One example is countercyclical capital buffers. When times are good, we increase capital requirements, and after things have blown up and we’re sifting through the wreckage, that’s the time to lower capital requirements. So instead of fixing capital ratios at 2% or 10% or whatever they are now, we ought to adjust capital ratios as a function of market conditions so as to produce a stable probability of loss.
Exactly. It would amount to an automatic stabilizer that would help to control these kinds of risks, much like how the body regulates our temperature by causing us to shiver in the winter and perspire during the summer.
My book on the AMH doesn’t have a single equation, and I did that quite deliberately. (And it wasn’t easy!) I did it because I wanted to reach a broader audience—particularly people who don’t necessarily have the mathematical background that financial quants do. You don’t need mathematical formalism to be able to use and benefit from the AMH framework. If you simply recognize the fact that markets adapt and investors adapt to changing market conditions, you’ll be able to start thinking more flexibly and intelligently about your portfolio.
For example, the starting point for applying the AMH to one’s portfolio is to first recognize that there’s a logic to market behavior, and it’s more biology than physics. Rather than using simple rules of thumb or complex mathematical equations, we can develop a more nuanced view of how markets change, how risks can change, and what we ought to do in response to those changes.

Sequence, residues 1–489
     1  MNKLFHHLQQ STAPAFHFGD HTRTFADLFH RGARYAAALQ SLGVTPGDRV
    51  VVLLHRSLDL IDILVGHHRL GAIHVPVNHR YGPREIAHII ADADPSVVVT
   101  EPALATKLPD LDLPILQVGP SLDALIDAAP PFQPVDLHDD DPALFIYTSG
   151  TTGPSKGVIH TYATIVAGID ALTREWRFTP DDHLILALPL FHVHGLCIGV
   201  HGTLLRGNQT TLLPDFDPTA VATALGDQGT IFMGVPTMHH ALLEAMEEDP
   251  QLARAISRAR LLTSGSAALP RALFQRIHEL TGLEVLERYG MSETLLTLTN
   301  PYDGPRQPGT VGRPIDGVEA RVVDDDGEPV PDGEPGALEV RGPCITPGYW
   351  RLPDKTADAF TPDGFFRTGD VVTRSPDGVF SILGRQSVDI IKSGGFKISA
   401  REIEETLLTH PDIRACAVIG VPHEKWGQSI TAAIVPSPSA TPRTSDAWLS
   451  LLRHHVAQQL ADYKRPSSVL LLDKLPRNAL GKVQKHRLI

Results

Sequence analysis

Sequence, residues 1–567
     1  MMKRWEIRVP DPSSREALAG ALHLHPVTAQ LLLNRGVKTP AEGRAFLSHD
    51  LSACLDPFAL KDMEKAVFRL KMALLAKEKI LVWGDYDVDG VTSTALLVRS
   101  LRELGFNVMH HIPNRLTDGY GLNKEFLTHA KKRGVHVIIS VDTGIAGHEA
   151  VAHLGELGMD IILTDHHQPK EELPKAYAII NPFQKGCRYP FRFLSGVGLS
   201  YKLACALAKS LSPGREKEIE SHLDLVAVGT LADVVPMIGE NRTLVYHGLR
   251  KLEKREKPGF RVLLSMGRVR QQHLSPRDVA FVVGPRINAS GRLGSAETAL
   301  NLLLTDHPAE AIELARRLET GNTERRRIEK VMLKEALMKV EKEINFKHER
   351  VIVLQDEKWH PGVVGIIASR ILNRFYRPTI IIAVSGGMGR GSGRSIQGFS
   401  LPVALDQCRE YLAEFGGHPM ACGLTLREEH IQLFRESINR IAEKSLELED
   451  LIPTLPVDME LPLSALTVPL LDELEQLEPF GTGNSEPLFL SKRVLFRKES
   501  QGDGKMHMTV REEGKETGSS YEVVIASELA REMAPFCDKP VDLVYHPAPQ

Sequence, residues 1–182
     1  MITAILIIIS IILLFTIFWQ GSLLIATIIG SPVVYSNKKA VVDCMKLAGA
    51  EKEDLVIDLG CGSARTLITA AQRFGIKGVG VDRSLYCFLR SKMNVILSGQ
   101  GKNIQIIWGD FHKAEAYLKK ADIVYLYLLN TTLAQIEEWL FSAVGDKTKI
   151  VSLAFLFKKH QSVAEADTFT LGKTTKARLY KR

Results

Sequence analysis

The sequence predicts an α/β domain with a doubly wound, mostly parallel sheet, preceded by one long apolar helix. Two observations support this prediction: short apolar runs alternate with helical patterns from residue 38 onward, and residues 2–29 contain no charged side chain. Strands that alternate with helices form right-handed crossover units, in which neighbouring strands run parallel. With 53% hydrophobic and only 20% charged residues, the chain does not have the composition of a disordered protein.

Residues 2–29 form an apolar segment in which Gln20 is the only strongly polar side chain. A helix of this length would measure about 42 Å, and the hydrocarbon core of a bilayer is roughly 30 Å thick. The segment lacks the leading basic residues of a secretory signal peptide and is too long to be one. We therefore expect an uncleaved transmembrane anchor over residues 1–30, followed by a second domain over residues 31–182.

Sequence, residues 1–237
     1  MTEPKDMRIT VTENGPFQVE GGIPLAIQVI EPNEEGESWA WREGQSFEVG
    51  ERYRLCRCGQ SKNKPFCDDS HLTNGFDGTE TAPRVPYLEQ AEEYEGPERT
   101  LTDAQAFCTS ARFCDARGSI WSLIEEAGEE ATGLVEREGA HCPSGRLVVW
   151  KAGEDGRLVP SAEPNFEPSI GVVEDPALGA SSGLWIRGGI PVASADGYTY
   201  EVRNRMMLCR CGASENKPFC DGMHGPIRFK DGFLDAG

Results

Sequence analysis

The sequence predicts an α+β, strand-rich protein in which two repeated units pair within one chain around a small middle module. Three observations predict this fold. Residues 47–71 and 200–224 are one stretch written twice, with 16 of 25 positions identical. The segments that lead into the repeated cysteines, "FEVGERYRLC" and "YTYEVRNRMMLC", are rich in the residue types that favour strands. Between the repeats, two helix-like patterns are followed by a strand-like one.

Financial crises do happen from time to time, because when we all start becoming irrationally exuberant at the same time or we all start freaking out at the same time, that’s going to create market bubbles and crashes. There’s a logic to crises, and we can understand that logic. It’s not necessarily mathematically precise, but it is biologically precise. The AMH tells us we have to start learning more about human biology and about ourselves.
These are still early days for the AMH; it’s not, by any means, a finished product. When Darwin published On the Origin of Species, that wasn’t a complete theory either, and I’m no Charles Darwin! It was just the beginning. It provided us with a roadmap for the different theoretical developments to come and the various applications of evolution.
My hope is that this book will introduce the field to my colleagues so they can start developing their own versions, their own models and empirical investigations. The book lays out an ambitious research program for putting these ideas into practice as well as doing more research to flesh out the details, and only time will tell whether the AMH survives.